Staff estimated that enforcing and monitoring compliance with the notice requirement of the COPPA will require the expenditure of approximately 4 attorney/investigator work years at an approximate cost of $77,713 per work year for a total of $310,852. In addition, staff estimated that travel costs or other expenses associated with enforcing and administering the proposed Rule will be approximately $10,000. Therefore, the approximate total cost to the Commission in connection with enforcing and monitoring compliance with the COPPA is $320,852. Clerical and other support services are included in these estimates.
(15) Program Changes or Adjustments
None. The requirements of the proposed rule, if adopted, would be new, so there are no program changes or adjustments to the annual reporting or recordkeeping hour or cost burdens reported in OMB Form 83-I from any preceding rule.
(16) Statistical Use of Information
This question applies to "collections of information whose results will be published" and is not applicable, as there no plans to publish information associated with the proposed requirements for statistical use.
1. The underlying goals of the Act are: (1) to enhance parental involvement in a child's online activities in order to protect the privacy of children in the online environment; (2) to help protect the safety of children in online fora such as chat rooms, home pages, and pen-pal services in which children may make public postings of identifying information; (3) to maintain the security of children's personal information collected online; and (4) to limit the collection of personal information from children without parental consent. See 144 Cong. Rec. S11657 (Oct. 7, 1998) (statement of Sen. Bryan).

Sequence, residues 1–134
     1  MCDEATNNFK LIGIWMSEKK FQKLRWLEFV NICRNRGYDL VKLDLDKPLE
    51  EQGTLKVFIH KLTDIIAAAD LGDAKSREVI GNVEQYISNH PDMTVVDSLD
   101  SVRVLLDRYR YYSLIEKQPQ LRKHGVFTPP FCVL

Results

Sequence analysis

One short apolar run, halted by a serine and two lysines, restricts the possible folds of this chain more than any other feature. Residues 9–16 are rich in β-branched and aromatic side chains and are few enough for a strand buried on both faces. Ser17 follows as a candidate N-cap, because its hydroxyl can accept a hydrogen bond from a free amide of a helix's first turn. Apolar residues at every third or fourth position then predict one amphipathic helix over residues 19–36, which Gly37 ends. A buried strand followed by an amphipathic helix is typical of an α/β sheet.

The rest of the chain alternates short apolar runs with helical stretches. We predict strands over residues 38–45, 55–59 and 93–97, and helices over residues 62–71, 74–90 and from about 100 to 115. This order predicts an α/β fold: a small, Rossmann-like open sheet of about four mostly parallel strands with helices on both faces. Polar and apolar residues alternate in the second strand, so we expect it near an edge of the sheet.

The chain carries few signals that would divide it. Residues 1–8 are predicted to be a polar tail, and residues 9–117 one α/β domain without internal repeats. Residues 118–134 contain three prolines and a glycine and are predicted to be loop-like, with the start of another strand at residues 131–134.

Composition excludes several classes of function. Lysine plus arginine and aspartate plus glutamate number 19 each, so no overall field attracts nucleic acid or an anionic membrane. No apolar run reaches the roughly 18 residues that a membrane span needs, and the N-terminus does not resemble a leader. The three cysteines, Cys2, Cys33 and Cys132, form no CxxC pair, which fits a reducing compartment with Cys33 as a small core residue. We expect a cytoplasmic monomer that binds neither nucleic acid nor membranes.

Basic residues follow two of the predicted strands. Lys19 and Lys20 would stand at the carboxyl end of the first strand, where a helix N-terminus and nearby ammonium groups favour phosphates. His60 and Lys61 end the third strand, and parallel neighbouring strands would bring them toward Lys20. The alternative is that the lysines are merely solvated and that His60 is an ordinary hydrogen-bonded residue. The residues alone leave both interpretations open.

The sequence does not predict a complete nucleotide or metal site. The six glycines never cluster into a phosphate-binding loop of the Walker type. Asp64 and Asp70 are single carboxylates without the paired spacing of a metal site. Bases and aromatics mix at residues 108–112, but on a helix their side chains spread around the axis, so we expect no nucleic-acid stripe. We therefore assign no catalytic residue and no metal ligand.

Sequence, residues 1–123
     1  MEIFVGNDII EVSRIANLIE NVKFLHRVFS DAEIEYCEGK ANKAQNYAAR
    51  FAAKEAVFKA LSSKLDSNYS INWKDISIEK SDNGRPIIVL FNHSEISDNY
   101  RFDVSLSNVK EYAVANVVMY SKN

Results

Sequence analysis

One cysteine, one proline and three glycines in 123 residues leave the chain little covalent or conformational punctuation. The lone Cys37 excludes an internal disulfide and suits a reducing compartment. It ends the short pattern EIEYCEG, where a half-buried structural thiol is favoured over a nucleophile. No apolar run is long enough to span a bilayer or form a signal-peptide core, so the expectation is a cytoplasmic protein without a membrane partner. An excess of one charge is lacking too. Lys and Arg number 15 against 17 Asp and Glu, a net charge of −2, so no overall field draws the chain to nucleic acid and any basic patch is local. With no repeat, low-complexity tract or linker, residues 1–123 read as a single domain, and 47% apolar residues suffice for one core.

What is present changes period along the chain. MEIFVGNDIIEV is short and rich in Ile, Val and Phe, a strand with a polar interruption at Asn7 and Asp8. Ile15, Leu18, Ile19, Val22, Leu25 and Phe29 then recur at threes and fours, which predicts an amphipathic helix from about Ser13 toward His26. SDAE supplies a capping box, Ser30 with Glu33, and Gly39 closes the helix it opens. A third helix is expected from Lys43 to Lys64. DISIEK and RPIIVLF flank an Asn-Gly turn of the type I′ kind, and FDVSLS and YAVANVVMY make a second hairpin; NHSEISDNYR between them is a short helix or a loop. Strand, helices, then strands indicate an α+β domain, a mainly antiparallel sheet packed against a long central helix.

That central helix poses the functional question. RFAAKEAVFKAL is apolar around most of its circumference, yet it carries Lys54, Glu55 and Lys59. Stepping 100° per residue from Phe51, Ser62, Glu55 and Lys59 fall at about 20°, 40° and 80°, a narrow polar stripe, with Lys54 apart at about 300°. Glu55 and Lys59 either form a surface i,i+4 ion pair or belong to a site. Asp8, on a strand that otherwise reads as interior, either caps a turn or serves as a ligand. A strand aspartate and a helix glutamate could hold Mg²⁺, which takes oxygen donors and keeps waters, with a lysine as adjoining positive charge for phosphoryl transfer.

2. See Pub. L. No. 105-277, § 1303. Because the COPPA has not yet been codified, all citations in this Supporting Statement are to the section numbers used in the public law containing the Act.
3. Pub. L. No. 105-277, §§ 1303(b)(1)(A)-(D).
4. This Supporting Statement tracks the COPPA and uses the terms "notice" or "notification," rather than "disclosure," which would be the corresponding Paperwork Reduction Act term, since "disclosure" is a separately defined term under the COPPA and the Commission's rule (i.e., denoting the release of personal information collected from children). See Pub. L. No. 105-277, § 1302(4).